four free consonant word blends printables displayed on a gray wood background. There is a red circle with the word in white letters FREE

Resources for Consonant Blends

Here are some of the resources available to work on consonant blends with your child or students.

Phonics Read and Spell Games

This set of games has a superpower. Most of my phonics games focus on reading only. But if you want word learning to really stick, your child needs to spell to.

The same format of board games comes with 20+ different seasonal themes. Plus there are 74+ pages on phonics skills. The graphic above might say 60+ but I’ve already updated these games.

You simply cut apart the phonics word cards and your child gets to practice reading and spelling. It feels like a game, but is jam-packed with learning.

Find the Phonics Read and Spell Games in the Printable Parents Shop or find the Phonics Games for Reading and Spelling on Teachers Pay Teachers.

Phonics Word Mapping Activity

As I mentioned above, blends can be really tricky. Some children have a hard time pulling apart the two sounds into two letters.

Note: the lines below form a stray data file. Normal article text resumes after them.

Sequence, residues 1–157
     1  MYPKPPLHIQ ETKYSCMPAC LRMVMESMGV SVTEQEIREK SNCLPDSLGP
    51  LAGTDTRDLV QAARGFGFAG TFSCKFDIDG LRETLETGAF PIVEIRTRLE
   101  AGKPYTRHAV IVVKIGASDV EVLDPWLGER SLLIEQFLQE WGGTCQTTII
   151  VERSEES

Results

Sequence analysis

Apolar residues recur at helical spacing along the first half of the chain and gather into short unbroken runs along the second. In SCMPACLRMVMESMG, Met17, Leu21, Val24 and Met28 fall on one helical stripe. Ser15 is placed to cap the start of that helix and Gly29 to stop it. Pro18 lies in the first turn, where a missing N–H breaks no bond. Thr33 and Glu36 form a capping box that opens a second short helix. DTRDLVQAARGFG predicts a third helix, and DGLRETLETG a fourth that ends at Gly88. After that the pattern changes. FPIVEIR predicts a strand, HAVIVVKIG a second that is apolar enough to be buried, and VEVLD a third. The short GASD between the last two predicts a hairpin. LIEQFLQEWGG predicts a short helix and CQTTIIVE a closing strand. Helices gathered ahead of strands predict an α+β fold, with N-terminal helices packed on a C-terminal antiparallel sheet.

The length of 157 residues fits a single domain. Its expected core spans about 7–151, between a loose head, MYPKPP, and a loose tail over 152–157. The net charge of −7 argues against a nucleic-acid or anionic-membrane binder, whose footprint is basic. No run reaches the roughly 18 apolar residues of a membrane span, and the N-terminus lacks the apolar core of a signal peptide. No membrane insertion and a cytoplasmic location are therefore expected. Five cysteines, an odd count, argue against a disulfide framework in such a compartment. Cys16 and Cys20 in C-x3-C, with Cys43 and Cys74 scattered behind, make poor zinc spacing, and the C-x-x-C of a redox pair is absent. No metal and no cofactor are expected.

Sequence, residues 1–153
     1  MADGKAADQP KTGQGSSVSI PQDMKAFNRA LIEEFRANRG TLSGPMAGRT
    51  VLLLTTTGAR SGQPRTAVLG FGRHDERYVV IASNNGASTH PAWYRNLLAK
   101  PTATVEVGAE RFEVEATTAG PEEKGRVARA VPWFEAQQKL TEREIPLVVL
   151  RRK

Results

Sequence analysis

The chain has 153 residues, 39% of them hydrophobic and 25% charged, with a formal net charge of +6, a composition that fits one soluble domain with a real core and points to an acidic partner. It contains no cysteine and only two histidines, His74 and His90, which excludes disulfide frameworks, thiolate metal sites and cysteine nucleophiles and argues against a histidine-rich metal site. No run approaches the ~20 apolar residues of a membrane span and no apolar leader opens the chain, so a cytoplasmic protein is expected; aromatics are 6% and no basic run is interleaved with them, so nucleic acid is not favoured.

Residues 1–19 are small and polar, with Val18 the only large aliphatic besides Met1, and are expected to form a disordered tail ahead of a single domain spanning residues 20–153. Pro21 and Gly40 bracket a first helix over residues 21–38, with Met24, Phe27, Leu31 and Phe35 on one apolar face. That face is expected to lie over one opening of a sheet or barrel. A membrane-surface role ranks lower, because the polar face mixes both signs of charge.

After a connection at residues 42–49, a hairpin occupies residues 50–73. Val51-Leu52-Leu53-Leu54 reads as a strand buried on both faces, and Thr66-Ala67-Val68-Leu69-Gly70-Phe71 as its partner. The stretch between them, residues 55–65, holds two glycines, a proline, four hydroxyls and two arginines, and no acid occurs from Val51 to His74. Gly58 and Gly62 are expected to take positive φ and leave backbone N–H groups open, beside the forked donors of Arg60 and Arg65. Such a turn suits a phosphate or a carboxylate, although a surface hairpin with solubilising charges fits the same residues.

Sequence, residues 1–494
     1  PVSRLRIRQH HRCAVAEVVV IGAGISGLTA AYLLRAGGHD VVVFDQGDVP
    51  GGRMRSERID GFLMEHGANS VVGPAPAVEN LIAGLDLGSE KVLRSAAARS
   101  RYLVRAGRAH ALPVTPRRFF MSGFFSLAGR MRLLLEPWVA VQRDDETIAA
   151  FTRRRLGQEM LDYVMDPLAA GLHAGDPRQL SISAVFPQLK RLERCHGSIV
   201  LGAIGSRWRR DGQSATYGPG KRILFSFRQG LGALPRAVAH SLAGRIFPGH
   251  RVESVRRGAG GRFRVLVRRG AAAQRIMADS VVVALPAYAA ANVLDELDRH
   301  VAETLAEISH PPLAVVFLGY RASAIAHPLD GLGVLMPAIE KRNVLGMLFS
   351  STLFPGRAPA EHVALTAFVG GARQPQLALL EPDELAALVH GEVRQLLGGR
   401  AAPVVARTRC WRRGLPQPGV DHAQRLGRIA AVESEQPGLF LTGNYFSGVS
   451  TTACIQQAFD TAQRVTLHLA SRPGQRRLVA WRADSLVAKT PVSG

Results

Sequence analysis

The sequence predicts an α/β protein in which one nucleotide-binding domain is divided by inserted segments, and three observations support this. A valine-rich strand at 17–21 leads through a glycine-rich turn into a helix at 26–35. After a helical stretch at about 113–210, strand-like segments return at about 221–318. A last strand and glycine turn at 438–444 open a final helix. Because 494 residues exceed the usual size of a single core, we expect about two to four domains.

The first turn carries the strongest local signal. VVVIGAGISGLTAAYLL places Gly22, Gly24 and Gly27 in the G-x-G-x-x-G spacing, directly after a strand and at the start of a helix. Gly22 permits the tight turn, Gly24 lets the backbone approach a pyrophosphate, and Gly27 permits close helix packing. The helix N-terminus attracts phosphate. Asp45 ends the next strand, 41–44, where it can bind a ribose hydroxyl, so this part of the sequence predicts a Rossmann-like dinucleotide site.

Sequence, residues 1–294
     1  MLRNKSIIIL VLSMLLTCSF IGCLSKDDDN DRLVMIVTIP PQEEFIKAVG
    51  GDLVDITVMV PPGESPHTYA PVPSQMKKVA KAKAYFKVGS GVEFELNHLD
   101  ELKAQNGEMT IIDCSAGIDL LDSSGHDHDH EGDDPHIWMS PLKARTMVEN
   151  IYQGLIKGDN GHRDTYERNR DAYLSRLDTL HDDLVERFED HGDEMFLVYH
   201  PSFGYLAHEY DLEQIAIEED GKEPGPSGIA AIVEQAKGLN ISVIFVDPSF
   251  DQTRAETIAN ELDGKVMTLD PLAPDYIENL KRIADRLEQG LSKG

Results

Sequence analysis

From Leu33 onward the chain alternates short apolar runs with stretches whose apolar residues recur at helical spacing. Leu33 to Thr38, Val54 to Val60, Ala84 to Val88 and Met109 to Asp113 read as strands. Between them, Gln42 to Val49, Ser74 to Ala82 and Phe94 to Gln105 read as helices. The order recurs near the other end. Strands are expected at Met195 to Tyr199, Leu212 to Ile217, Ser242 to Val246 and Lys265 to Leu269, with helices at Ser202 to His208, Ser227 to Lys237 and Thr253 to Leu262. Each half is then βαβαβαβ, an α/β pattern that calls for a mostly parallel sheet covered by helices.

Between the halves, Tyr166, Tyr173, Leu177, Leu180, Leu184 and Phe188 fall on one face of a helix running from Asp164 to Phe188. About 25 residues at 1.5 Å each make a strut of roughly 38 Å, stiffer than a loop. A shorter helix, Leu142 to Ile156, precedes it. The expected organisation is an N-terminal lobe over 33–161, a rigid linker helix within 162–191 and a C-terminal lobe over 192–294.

Phonics Word Mapping solves this. This activity comes with 36+ picture cards.

Using pictures is valuable because it connects to meaning. You help your child identify the picture and say it aloud (answer key included!).

Grab the Phonics Word Mapping Activity in the Printable Parents’ Shop or on Teachers Pay Teachers.

Blends Color-by-Number

Do you have a child who loves to color? The the Blends Color-by-Number Bundle is perfect for them.

It has pages for each season. This is really helpful because it gives your child important practice over time.

These color-by-number worksheets also come with a word mapping worksheet for each coloring page.

This helps your child correctly identify each picture (not always easy). Then it makes learning more permanent by connecting sounds to letters.

Grab the Blends Color-by-Number in the Printable Parents’ Shop or on grab these Consonant Blend Worksheets on Teachers Pay Teachers.

Free Printable Consonant Blends Word Lists

Make sure to grab your free printable consonant blends words list and chart. Then come back and leave your questions in the comments.